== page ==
By Tracy Record
West Seattle Blog editor
The fourth month since the West Seattle Bridge’s closure started with the third meeting of the advisory Community Task Force.
The headline this time around was from the last item on the agenda, changes in the restrictions for use of the low bridge, which since the high bridge’s closure has been limited to transit, freight, emergency vehicles, buses, bicycles, pedestrians, and certain maritime workers. The meeting ended with concurrence on a plan to allow more access, as well as a mention that automated enforcementi is on the way.
First – the slide deck for the entire meeting:
We’ll add meeting video when it’s uploaded. Here’s our video:
Now – our summary:
LOW BRIDGE CHANGES? SDOT’s Adiam Emery opened the discussion by explaining that they’ve been continuing to analyze traffic volumes since implementing restrictions. Even with citywide traffic reductions and low-bridge restrictions, the low bridge is close to its safe capacity at some times, she said. In particular, weekends are “nearing maximum capacity” for the bridge. The 5-way intersection west of the bridge is the “key limiting factor” more than the bridge itself. They have a little more room for vehicles, so here’s the proposal for loosening up access a bit:
SDOT’s Heather Marx explained that vanpools aren’t an immediate priority because the pandemic has limited usage to 2 people. And Emery warned that any changes need to be “dynamic,” also noting that SDOT must keep in mind that Terminal 5 cargo operations are scheduled to expand next year, with completion of Phase 1 of the modernization process.
In discussion, Greg Nickels – who co-chairs the CTF with Paulina López – asked about low-bridge emergency vehicle usage, given that the peninsula has its own fire stations and an SPD precinct. Emery explained the “specialty” apparatus that has to come here for certain calls, as well as Station 36’s location “nestled” against the bridge. Nickels said it would be helpful to see specifics on how many and what types of calls had used the low bridge in the past three months.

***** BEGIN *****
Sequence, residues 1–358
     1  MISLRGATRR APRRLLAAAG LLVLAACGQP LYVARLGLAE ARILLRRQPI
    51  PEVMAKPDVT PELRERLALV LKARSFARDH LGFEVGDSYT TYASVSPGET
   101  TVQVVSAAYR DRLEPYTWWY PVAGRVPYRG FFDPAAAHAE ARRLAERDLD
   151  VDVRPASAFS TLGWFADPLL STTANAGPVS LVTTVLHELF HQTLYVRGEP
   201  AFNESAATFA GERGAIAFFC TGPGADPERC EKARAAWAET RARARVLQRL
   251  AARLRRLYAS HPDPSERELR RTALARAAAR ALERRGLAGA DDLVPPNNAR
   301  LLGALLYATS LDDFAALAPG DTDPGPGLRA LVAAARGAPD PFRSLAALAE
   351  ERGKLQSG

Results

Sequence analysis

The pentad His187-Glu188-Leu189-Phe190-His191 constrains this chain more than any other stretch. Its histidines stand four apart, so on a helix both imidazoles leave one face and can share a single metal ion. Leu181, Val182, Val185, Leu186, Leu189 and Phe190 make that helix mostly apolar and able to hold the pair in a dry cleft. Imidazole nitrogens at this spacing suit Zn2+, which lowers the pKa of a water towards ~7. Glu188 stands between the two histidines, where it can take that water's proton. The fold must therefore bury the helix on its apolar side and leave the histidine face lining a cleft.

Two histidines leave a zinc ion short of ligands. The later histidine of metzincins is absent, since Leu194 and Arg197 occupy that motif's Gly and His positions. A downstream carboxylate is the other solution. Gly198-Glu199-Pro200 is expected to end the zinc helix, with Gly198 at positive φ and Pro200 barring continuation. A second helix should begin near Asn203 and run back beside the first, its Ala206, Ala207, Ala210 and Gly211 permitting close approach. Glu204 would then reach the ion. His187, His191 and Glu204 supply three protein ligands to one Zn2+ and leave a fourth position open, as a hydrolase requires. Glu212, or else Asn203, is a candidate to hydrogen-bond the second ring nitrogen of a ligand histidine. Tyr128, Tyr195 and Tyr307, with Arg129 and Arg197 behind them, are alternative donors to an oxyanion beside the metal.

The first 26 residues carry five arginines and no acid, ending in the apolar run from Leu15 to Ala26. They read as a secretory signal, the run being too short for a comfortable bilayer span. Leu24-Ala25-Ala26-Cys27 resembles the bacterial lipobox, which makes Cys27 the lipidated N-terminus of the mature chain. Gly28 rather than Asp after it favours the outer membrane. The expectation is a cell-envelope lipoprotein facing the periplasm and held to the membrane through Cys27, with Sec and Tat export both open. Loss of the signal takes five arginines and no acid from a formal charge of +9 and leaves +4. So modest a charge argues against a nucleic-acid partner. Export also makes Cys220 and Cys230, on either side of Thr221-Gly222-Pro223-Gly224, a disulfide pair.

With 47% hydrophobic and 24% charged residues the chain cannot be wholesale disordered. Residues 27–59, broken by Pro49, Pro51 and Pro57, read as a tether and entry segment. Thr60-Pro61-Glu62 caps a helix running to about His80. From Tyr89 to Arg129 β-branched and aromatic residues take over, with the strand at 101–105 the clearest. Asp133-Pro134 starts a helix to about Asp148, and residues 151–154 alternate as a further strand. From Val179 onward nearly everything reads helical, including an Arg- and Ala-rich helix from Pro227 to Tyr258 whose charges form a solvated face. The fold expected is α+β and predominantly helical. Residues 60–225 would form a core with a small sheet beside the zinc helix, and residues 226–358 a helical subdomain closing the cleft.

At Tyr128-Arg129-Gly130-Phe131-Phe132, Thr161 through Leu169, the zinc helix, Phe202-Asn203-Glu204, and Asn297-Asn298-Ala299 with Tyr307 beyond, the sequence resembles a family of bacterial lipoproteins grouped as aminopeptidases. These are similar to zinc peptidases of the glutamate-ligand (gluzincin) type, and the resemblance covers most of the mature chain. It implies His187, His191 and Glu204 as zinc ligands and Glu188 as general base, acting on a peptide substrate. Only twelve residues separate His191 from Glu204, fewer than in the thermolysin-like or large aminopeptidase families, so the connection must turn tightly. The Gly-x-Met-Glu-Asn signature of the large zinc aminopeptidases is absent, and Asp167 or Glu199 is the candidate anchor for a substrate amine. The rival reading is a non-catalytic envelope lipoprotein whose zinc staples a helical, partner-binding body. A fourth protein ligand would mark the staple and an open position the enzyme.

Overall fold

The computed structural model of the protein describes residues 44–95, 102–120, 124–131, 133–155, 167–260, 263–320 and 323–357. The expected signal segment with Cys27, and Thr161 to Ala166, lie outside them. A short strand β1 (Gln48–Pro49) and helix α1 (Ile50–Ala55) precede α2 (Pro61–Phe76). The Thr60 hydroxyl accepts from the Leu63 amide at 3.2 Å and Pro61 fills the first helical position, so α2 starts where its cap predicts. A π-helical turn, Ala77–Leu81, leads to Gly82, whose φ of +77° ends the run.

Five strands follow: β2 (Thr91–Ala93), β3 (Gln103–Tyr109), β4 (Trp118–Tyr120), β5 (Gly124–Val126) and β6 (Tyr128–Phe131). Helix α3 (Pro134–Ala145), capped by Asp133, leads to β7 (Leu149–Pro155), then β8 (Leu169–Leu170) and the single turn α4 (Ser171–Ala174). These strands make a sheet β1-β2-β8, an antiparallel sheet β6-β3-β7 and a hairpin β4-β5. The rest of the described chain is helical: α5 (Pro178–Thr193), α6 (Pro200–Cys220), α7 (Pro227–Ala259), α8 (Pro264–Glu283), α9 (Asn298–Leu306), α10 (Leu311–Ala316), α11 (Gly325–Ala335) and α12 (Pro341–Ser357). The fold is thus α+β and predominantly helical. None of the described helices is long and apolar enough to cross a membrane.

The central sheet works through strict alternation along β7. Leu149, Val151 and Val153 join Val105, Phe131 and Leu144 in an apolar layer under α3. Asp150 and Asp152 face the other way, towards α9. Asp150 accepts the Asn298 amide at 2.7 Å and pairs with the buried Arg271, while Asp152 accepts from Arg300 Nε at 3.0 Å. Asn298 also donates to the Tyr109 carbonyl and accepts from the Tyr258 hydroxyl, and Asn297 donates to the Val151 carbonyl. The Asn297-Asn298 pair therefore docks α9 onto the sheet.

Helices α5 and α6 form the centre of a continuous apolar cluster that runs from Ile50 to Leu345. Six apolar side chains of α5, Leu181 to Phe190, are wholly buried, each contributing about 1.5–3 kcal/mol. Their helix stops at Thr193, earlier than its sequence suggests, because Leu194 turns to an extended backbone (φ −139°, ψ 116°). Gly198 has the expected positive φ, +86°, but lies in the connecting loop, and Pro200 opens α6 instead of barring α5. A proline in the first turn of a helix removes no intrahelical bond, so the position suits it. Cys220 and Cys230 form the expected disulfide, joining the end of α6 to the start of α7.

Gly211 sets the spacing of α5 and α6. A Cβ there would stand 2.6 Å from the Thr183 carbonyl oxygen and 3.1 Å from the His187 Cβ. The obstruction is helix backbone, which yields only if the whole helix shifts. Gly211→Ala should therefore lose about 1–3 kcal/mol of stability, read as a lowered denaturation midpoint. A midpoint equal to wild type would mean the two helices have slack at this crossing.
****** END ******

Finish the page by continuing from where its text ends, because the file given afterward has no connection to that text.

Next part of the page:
CTF member Jill Mackie of Vigor also wondered about maritime access. License plate numbers of workers would be needed, said Marx, because of automated enforcement (we’re following up for more details on that enforcement, as we hadn’t heard it mentioned before; Marx said cameras will be set up in August). She also said the maritime industry has requested access for far more people than feasible.
Councilmember Lisa Herbold, one of the elected officials on the CTF, asked about the timeline for “future consideration” items. For example, Marx said, vanpools should move up when they are able to carry more people. Employer shuttles would be considered when the city hears more about how many people they will be able to carry.
As the meeting’s two-hour window expired, Nickels proposed that SDOT move ahead as outlined “as soon as we can make it happen.” No one objected. So watch for an announcement of overnight low-bridge access for all.
Here’s what happened earlier in the meeting:
STATE OF THE BRIDGE: Interim roadway-structures director Matt Donahue recapped the pathway to decisionmaking, as first shown last week. He explained what stabilization contractor Kraemer North America is doing now, and how “crack-arrest measures” are being planned so they could be part of long-term repair if the decision was to go that way rather than immediate replacement. They would continue working with current consultant WSP if long-term repair is the plan, but if replacement is the chosen route, it might be someone else – the “request for qualifications” is still open.